This year, against the backdrop of attacks on everyone from healthcare institutions and schools to financial services organizations, as well as the introduction of legislation across the UK and EU to move security up the agenda, cybersecurity has undoubtedly become more of a priority for boards.
As these breaches continue to make headlines, the time is now for boardroom executives to take on the responsibility of setting the tone for cybersecurity across the company. After all, instilling priorities at the board level and having that message trickle down across the company is a key tenet of business success.
But is cybersecurity treated differently? Some would argue that while cyber is certainly a priority in boardroom discussions, execs have still yet to take full responsibility for their security posture and often silo this to SecOps teams or their CISO. Given the potential for ransomware to destabilize operations, finances, and reputation, more execs should put cybersecurity front and center on the agenda. Perhaps they would if they understood the truth of what they were looking at.
Why isn’t the board on-board?
While organizations around the world continue their journey to cyber-maturity, companies that don’t engage with the boardroom directly on cybersecurity are opening the door to serious risk in the future. This lack of engagement can be due to several variables, including lack of strong board cybersecurity expertise/experience, or simply an underestimation of risk. CISOs, whether they are in that boardroom or not, will recognize that this must change, and that change can only come from clearer communication of risk.
If you want the board to take more of an interest in cybersecurity or fully grasp the risk of not making it a priority for the company, then you need to speak to their level of risk. They want the ground truth, spoken to them in a way they understand and cuts through the technical jargon. How will the consequences of not doing this affect their bottom line? How will a ransomware attack affect their reputation? Why is this a priority right now?
The CISOs among us may feel like they’ve been trying to have this conversation to no avail, but the risk of getting lost in translation is far too high. To engage the board, you need to clearly demonstrate the direct link between what happens if a hacker finds a vulnerability in your network and how badly things can go wrong as a result. If you speak a truth that they understand, you’ll unlock the trust, transparency and cooperation that is needed to give cybersecurity the attention it deserves at all levels of the business. Red teams can help you achieve this.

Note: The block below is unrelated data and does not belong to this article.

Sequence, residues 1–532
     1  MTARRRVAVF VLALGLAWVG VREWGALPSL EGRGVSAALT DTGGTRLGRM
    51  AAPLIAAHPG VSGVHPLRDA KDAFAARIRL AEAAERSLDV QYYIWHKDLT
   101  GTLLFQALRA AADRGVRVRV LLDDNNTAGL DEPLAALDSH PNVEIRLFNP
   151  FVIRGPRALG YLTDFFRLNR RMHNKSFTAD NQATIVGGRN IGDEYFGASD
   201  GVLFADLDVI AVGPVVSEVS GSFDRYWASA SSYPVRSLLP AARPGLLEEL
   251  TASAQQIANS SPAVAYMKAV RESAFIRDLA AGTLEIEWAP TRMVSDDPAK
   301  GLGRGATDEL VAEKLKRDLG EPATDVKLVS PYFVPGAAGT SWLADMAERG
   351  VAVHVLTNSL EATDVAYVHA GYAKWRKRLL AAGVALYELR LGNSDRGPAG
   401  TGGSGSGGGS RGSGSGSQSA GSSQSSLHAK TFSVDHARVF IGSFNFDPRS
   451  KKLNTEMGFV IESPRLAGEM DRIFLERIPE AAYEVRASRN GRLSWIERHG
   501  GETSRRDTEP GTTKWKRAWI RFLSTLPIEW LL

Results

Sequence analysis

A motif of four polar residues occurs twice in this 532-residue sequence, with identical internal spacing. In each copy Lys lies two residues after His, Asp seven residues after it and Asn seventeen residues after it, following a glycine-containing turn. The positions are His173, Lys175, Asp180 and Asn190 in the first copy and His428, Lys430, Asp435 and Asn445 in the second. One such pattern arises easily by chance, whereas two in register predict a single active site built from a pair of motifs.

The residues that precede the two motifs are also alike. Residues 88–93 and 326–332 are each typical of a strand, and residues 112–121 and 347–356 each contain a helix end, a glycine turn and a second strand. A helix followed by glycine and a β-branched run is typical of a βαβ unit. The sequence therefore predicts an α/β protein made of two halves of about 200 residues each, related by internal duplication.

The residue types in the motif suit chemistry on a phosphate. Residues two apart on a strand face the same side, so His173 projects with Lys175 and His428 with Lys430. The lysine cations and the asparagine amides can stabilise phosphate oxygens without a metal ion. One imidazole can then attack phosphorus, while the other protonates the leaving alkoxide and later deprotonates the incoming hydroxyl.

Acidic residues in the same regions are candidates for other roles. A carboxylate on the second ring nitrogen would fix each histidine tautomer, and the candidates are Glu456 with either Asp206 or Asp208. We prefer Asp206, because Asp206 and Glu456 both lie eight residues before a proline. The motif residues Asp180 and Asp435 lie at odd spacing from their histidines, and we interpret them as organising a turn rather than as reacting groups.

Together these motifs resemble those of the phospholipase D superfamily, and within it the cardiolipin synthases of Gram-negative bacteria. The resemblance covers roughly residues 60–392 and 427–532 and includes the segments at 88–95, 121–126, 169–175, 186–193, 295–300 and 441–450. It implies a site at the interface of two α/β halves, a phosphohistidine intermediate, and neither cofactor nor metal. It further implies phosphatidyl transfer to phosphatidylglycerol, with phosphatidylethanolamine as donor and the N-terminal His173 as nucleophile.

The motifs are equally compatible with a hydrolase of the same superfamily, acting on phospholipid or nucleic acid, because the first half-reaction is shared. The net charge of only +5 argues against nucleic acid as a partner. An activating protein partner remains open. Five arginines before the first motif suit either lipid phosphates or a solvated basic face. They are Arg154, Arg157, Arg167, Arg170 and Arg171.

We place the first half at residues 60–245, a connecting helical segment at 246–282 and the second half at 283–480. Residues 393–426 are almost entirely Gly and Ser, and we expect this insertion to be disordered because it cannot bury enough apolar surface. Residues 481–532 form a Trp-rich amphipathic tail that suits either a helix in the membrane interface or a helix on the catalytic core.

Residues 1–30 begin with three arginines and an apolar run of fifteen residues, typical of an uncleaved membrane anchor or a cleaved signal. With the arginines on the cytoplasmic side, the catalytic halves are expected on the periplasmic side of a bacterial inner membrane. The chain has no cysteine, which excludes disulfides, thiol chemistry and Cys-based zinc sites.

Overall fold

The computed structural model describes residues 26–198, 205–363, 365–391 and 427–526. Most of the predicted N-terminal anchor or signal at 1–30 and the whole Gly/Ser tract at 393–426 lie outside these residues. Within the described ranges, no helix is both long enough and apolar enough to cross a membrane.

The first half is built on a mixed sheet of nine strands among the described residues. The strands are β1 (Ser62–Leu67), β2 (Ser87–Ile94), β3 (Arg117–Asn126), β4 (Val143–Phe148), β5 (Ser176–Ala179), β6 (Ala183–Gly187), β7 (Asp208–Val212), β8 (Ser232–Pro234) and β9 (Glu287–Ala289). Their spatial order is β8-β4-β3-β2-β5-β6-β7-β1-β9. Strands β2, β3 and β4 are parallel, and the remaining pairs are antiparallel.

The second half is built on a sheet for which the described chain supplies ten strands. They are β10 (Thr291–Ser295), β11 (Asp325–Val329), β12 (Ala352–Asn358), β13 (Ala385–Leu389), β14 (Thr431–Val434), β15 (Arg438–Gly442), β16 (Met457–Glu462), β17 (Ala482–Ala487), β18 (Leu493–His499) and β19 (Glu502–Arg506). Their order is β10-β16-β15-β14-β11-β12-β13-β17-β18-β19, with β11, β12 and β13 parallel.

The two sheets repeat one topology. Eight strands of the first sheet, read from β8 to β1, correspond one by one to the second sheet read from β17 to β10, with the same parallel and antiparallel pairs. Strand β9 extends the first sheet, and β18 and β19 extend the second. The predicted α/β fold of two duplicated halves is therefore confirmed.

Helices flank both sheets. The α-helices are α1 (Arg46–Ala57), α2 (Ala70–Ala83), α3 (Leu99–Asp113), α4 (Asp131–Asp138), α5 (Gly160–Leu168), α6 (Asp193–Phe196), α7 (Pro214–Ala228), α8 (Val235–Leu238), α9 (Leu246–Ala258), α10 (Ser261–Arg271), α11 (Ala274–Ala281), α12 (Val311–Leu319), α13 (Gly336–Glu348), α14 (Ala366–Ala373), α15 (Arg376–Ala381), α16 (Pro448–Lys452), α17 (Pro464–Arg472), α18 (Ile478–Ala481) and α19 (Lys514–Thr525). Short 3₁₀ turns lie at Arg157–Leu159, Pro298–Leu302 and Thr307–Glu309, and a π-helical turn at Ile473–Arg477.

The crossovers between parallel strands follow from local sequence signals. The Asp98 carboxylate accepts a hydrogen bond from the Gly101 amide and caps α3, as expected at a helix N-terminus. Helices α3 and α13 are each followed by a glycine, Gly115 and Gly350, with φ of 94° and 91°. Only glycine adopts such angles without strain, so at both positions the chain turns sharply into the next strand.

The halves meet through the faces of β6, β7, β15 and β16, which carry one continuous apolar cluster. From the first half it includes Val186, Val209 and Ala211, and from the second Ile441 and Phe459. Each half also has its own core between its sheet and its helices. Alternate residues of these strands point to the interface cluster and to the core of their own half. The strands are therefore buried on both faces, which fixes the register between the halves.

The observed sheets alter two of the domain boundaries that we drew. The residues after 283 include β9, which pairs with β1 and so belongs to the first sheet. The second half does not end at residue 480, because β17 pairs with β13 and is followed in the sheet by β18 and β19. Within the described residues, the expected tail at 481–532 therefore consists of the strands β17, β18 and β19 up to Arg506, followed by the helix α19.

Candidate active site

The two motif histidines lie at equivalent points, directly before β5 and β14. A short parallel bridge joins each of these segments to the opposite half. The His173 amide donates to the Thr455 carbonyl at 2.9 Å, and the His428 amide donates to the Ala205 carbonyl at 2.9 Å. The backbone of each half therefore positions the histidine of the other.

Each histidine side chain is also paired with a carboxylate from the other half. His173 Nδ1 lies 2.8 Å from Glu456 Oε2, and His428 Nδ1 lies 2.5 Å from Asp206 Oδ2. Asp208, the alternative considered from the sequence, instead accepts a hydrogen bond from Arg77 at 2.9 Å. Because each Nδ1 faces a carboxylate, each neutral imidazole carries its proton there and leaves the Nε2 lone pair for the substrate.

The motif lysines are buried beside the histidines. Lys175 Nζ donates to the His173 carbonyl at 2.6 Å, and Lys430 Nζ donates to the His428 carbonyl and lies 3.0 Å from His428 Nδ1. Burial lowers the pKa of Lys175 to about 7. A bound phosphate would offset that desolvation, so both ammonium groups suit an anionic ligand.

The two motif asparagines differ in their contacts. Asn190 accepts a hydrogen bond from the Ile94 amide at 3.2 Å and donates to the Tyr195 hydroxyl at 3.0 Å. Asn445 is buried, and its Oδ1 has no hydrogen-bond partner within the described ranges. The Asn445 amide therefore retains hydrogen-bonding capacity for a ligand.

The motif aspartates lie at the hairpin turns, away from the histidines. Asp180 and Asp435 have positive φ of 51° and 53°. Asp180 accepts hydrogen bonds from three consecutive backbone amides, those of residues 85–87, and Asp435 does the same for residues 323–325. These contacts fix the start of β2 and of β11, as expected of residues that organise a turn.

Red teams and “offensive security”
What red teams can give CISOs is the cold, hard truth of how their network stacks up against threats that could be ruinous to the business. Red teams leave no stone unturned and pull on every thread until it unravels. This shines light on the vulnerabilities that will harm the finances or reputation of the business.
With a red team, objective-based continuous penetration testing (led by experts that know attackers’ best tricks) can relentlessly scrutinize the attack surface to explore every avenue that could lead to a breakthrough. This proactive, “offensive security” approach will give a business the most comprehensive picture of their attack surface that money can buy, mapping out every possibility available to an attacker and how it can be remediated.
It is also not limited to testing the technology stack; for businesses concerned that their employees are susceptible to social engineering attacks, red teams can emulate social engineering scenarios as part of their testing. A stringent social engineering assessment program should not be overlooked in favor of only scrutinizing weaknesses in IT infrastructure. Cybersecurity is a human problem that needs humans to create a solution, using the available technology.
Get the facts, earn their trust
For CISOs, the evidence from red teams gives the who, what, when and how of how their attack surface stands up to scrutiny, with none of the negative consequences of a malicious breach. This is the evidence they can take to the board and confidently state the case for cybersecurity to be taken seriously at the exec level and gain the trust they need to put their best foot forward against ransomware.
For the board, they will simultaneously see the big picture of threats to their attack surface, but also be presented with a plan for remediation. They can trust the IT team that everything is being done to resolve vulnerabilities before it can affect the business. And because red teams have the knowledge to accurately gauge how urgent of a risk each vulnerability is, the presentation can zero-in on what needs to be done immediately, keeping these discussions succinct and solutions focused.
Once that trust has been built, red teams make it easy for the board to stay updated on cybersecurity. Continuous penetration testing persists even after vulnerabilities are remediated to make sure that the problem is truly fixed. This means cybersecurity always has its place on the agenda and there is transparency between CISOs and execs on how the organization is proactively looking to patch vulnerabilities, before an attacker knows they exists.
If an organization’s cybersecurity is not receiving the attention it deserves, then the board needs to know. However, it can be hard to get engagement from the wxecs if the information security team don’t speak “board language”. By deploying the expertise of a red team, you’ll have the facts you need to cut to the heart of what these decision-makers really care about with hard evidence of the risks they are facing, unlocking the support from the top needed to keep the entire business secure.